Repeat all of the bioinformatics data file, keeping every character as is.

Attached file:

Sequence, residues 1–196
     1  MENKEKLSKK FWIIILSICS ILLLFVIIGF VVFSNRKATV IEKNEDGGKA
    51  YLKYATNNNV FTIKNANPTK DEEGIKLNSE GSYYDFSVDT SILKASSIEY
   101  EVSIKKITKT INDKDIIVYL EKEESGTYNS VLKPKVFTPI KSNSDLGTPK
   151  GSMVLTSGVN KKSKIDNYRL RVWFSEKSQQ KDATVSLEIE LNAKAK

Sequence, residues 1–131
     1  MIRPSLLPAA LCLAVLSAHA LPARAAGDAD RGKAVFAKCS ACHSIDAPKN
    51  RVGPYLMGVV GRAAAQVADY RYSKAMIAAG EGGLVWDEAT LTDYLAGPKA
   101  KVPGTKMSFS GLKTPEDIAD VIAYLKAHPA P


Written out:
Sequence, residues 1–196
     1  MENKEKLSKK FWIIILSICS ILLLFVIIGF VVFSNRKATV IEKNEDGGKA
    51  YLKYATNNNV FTIKNANPTK DEEGIKLNSE GSYYDFSVDT SILKASSIEY
   101  EVSIKKITKT INDKDIIVYL EKEESGTYNS VLKPKVFTPI KSNSDLGTPK
   151  GSMVLTSGVN KKSKIDNYRL RVWFSEKSQQ KDATVSLEIE LNAKAK

Sequence, residues 1–131
     1  MIRPSLLPAA LCLAVLSAHA LPARAAGDAD RGKAVFAKCS ACHSIDAPKN
    51  RVGPYLMGVV GRAAAQVADY RYSKAMIAAG EGGLVWDEAT LTDYLAGPKA
   101  KVPGTKMSFS GLKTPEDIAD VIAYLKAHPA P